Season two has started in the rewatch. See an uptick in the animation if not necessarily an uptick in the quality of the stories.
Not that they’re bad. Just that they will get much, much better.
You know what I noticed first in this episode? The opening credits. Duh.
Actually, they were a bit different, mostly at Lisa’s expense. A short bit of her riding her bike home was cut out. Aside from that, the removal of Bart stealing the bus stop sign, more recognizable characters in the street (including Jacques…were they planning on making that guy a reoccurring character?), Mr. Burns and Smithers taking the place of a guy eating a sandwich with a pair of tongs in the nuclear plant, and an actual couch gag, the credits are more or less the same.
Before The Simpsons got themselves a wide-screen type opening credit sequence, there were a few things that changed from episode to episode. What, if anything, Bart is writing on the chalk board, the exact tune Lisa is playing on her saxophone, and the couch gag. But season one’s couch gags were either the couch collapsing under the family’s weight, one member of the family popping off the couch due to a lack of room, or nothing at all. Now we’re finally getting couch gags. That’s progress! It’s also the only part of the opening credits the show keeps if the episode is running long.
What was this episode about again? Oh yeah. Bart’s possibly going to have to repeat the fourth grade. Since this episode seems to take place in the winter, why that decision would be made that quickly, I have no idea.
Then again, why were there what seemed to be two major history exams within a couple days of each other?
This episode seemed to be asking the question of why Bart may be such a proud underachiever. Yes, he does distract himself, but much like Wile E. Coyote, the universe itself seems to be working against him. Homer grabs him before he can start homework for a giant ape movie. Milhouse is absolutely useless as a source of answers. Sheri and Teri give him wrong answers on purpose. Martin drops his end of the deal once he becomes one of the guys (one of the better sequences in the episode). Mrs. Krabappel doesn’t seem to care and is outright shocked Bart isn’t used to failure by now. God may help out with a timely blizzard that apparently shuts down utility companies (yeah, who needs power after a snowstorm?), but even Bart’s shaky memory and short attention span means he can only do so much before Benjamin Franklin invents the sled (which reads “Don’t sled on me”).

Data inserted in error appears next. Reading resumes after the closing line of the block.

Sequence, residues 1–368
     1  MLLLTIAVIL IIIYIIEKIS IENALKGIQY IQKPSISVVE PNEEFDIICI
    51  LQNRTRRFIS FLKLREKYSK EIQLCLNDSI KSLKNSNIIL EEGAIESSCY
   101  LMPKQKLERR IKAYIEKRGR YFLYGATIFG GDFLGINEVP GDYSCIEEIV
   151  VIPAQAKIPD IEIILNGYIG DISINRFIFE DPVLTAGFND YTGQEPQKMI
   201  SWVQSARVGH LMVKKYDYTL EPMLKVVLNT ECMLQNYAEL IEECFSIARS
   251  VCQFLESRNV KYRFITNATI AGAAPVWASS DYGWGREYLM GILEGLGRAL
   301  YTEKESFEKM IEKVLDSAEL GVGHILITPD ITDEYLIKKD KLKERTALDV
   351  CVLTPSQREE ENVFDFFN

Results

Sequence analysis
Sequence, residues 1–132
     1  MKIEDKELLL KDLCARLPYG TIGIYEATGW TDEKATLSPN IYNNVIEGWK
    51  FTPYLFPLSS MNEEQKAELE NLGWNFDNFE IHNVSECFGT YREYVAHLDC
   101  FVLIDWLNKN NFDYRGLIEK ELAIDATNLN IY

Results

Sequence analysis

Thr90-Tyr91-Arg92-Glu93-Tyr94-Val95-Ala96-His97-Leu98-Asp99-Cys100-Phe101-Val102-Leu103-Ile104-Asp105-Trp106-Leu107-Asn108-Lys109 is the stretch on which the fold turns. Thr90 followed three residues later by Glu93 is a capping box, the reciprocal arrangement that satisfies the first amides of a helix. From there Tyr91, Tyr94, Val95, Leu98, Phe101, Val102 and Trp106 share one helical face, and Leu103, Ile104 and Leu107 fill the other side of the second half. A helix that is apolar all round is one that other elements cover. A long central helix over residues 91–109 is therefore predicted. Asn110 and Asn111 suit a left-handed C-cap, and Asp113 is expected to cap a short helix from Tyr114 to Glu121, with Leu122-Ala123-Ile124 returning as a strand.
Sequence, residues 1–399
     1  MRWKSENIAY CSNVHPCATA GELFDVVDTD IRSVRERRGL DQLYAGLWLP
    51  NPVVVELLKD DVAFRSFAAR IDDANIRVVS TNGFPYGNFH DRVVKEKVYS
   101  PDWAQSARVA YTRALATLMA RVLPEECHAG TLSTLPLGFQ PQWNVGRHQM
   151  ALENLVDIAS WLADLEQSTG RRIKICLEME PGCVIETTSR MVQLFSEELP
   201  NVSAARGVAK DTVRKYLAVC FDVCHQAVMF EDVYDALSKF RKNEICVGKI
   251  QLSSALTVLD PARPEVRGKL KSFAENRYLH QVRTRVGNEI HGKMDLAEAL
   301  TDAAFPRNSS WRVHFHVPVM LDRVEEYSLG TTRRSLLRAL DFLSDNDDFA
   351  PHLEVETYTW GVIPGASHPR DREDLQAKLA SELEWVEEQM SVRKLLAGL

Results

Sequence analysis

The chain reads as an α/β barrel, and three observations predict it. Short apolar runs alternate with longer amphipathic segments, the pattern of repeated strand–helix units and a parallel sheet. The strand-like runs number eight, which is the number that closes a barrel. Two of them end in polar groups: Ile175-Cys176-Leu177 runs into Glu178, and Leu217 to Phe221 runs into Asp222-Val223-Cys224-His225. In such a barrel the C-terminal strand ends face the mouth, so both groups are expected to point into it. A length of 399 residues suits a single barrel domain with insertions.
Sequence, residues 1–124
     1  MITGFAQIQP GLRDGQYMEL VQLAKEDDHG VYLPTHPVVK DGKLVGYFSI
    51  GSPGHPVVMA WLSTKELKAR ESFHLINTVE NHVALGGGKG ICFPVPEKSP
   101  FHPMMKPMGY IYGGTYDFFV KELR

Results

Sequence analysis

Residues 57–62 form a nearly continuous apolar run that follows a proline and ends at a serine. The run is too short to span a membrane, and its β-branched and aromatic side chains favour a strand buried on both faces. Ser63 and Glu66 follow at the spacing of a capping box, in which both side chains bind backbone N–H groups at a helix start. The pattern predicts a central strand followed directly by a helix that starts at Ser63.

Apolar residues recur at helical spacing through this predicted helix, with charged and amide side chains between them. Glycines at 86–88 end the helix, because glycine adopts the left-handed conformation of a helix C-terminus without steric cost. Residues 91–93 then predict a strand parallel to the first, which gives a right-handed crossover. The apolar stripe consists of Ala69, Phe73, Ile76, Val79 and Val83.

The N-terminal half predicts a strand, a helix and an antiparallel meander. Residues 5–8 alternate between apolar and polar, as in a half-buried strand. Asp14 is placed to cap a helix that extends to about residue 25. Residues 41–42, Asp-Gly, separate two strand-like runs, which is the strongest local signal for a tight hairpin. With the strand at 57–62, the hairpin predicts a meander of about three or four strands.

Look, we know Bart won’t be left back, no matter how bad his daydreams are. And he won’t be. Of course, the show’s been running for over 20 seasons and Bart hasn’t gone on to the fifth grade yet either, so there’s that too.
And apparently, a snowstorm can make for the most fun day in the history of Springfield. But the animators must have had problems filling in the crowd, so they just stuck every character to appear on the show to date having fun. That included the aforementioned Jacques and even Sideshow Bob.
Bob had a better day in the snow than Bart!
Though I will say this: Bart never sounded less like a little boy and more like an adult woman than when he has to cry. Sorry to Nancy Cartwright, but those sobs sounded terrible.
I’m sure he’ll be glad he doesn’t have to share a classroom with Bart Junior now, though.